Higher Gas Tax, Not Ethanol Subsidy

Jan. 25, 2007: Marketplace—Forget Ethanol, Raise the Gas Tax

Summary: "SCOTT JAGOW: In the State of the Union, President Bush said he wanted to mandate the use of certain gasoline alternatives like ethanol and force higher fuel economy standards for cars. I called up our economics correspondent Chris Farrell to get his thoughts on the Bush energy plan. In a nutshell, good intentions but the wrong approach.

CHRIS FARRELL: Do you really think that the government is in the best position to determine that ethanol is the right alternative fuel? What I would much rather see, what I would have really liked to have seen, now it would have been a moment, but if the President had said, ‘you know what, I’m going to join the Pigou Club. . .’ "

Pigouvians urge a much higher gas tax to allow market forces and inventors to solve the problem of excessive petroleum consumption. Think about how smoking rates tend to decrease as cigarette taxes rise, and you’ve got a good argument for raising gas taxes as well.

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  • Don Lewis

    Ethanol is the way to go and the Government is on the right track. Big Oil would have you believe otherwise. All the energy balance stuff is selfserving BS.

  • CDurnell

    You may believe the ‘energy balance stuff’ is BS, but you can’t escape the fact that there are 115,000 Btu/US gallon of gasoline while there are only 84,000 Btu/US gallon of ethanol. You may not have to take the pessimistic 0.78:1 oil-to-ethanol ratio of David Pimentel; but even if you use the 1.31:1 figure from the Argonne National Lab study, you’re at BEST going to see a 4% reduction in the amount of petroleum energy used if current engine displacement trends are maintained. Just switching your Flex-Fuel Tahoe from gasoline to E85 ain’t gonna save us much in petroleum usage. You could argue that we could use domestic fossil-fuel reserves like coal or natural gas, but all you’re really doing there is replacing peak oil by mid-century with peak coal by mid-century.

    The key to biofuel (specifically ethanol) usage is to improve engine efficiency. E85 has an octane rating of 110, so it can make use of a smaller displacement/high compression engine design which could serve to bring E85 combustion efficiency to parity with 85-octane gasoline without performance loss. See the Saab 9-5 Aero BioPower concept or the work of Cohn and Heywood at MIT (http://web.mit.edu/newsoffice/2006/engine.html).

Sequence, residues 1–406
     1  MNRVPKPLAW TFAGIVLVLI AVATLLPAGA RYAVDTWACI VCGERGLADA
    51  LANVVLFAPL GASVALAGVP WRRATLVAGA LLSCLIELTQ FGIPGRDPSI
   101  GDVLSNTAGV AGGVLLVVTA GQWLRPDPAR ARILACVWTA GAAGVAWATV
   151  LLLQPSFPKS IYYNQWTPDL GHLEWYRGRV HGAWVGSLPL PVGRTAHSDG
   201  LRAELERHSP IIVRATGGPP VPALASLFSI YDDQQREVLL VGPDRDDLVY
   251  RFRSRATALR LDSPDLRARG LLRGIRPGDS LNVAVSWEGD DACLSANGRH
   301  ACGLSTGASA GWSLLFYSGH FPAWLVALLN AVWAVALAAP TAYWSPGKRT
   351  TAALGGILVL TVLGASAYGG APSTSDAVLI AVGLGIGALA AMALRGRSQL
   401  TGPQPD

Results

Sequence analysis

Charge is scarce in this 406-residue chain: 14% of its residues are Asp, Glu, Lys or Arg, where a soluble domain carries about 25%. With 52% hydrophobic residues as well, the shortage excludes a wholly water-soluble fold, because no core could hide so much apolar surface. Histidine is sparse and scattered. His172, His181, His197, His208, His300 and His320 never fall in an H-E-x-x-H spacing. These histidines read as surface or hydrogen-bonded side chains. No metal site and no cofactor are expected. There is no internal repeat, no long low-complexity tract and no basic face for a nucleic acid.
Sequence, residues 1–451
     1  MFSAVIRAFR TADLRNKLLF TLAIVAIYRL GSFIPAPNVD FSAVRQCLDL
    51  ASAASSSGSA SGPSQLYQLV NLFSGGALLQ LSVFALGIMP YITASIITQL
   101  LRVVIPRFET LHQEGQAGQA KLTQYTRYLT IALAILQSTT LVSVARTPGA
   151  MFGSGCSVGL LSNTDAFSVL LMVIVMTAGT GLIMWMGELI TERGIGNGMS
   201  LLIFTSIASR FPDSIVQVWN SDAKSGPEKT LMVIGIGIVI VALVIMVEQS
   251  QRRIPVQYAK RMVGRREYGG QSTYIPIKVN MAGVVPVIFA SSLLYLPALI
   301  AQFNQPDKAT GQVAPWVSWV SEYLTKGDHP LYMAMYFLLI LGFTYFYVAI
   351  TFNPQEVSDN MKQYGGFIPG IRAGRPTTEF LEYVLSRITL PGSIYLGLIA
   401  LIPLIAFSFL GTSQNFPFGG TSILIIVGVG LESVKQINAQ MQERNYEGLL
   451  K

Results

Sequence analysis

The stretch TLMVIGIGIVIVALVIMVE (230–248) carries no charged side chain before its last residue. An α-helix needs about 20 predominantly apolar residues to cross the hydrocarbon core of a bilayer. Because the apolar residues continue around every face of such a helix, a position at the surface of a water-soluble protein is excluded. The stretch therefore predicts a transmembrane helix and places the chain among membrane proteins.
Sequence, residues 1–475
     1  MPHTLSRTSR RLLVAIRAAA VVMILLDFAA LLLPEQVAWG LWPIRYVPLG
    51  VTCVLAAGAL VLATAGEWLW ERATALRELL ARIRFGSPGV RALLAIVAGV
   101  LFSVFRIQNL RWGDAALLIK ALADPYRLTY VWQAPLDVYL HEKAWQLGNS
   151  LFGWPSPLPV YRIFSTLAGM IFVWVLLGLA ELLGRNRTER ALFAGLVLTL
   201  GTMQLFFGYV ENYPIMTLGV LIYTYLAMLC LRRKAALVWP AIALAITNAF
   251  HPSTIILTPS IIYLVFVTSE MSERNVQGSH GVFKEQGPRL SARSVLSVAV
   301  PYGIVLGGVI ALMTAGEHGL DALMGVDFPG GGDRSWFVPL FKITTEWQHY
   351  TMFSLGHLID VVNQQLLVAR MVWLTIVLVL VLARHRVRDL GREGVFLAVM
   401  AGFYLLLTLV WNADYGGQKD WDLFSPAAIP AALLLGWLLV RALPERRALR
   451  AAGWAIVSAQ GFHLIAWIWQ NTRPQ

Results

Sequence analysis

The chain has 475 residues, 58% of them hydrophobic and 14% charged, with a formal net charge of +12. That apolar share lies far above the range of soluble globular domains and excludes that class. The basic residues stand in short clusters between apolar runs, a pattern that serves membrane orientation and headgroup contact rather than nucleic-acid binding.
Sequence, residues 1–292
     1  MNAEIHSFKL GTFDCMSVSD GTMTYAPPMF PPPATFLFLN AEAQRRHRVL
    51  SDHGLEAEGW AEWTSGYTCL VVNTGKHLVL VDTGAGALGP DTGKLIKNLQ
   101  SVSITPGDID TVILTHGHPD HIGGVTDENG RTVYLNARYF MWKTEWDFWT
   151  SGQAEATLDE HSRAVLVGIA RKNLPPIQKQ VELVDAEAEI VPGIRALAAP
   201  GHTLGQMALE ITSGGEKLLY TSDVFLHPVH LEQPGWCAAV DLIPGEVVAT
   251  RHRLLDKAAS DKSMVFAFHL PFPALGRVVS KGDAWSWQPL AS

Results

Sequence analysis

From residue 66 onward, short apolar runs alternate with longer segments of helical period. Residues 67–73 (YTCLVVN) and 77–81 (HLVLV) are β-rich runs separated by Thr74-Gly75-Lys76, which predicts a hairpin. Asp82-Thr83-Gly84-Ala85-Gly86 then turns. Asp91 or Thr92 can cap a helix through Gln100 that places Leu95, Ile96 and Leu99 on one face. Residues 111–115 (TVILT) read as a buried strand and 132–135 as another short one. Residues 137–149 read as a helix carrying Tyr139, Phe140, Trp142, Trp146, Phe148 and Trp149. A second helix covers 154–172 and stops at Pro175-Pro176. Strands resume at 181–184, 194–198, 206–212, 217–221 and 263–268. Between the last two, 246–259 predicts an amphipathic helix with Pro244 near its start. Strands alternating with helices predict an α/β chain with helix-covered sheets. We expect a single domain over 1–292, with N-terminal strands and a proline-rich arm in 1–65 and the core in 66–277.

• Jerry

    Raising taxes will help people conserve more. I feel whether it’s bio, gas or ethanol, by simply using less we are all better off.

  • Richard

    Raising taxes is the pipe dream of the green dreamer with zero percent chance of happening.
    The right is with oil and the left is supposedly with the little guy who’s already grossly overtaxed.

  • Bill

    LOL, Talk about a dumb idea, tax em even more, LOL, yeah lets just tax the hell out of fuel so that the people who truck your food and other items to stores have to raise the cost of transporting it all and the stores all have to raise prices, lets make the tax so high that a box of capt. Crunch costs 15 dollars and a weeks worth of food costs a family 300 dollars.

    Democrats, can someone tell just what good they are?

  • Nathan Campbell

    The oil companies REALLY don’t want you to know how ready your current car is for E85. Cars have been designed to be ethanol resistant since the early 90s. The cars that are currently on the road are suited for running E50 (50% gas, 50% ethanol) with NO modifications. I have been running ethanol in my 95 Toyota Celica GT for over 5000 miles. I have seen no problems and think that more people should be more aware of the benifits to using ethanol. E85 is simply a superior fuel to standard gasoline. It truly is 110 octane and SIGNIFICANTLY increases horsepower. I have also only seen a very slight decrease in average MPG which leads me to the conclusion that the combustion of ethanol is actually more efficient then the simple BTU comparison. Higher octane leads to much faster acceleration, which causes the car to reach cruising speed quicker. This means that the engine is able to idle sooner than it does running pure gasoline and idling uses less fuel. For cars with a manual transmission, like my car, drivers are able to take this a step further by shifting into neutral. I find myself coasting in neutral a lot. Also, ethanol performs better at highway speeds (80MPH+) and no reduction in fuel economy is noticeable. Ethanol is a reasonable option for the present, and any talk of flex fuel vehicles is just Detroit trying to get you to buy a new car that you don’t need.

  • Justin

    I agree with Nathan, however Flex Fuel vehicles do have a couple of things that your regular vehicle doesn’t have:

    1) Steel fuel lines (complete). Rubber cannot be used with alcohol.

    2) Rubber Seals cannot be used, it has to be a different seal or a synthetic rubber seal.

    3) Flex-Fuel vehicles have different spark tables to take a “little” advantage of the higher octane fwir. Basically they just advance the timing.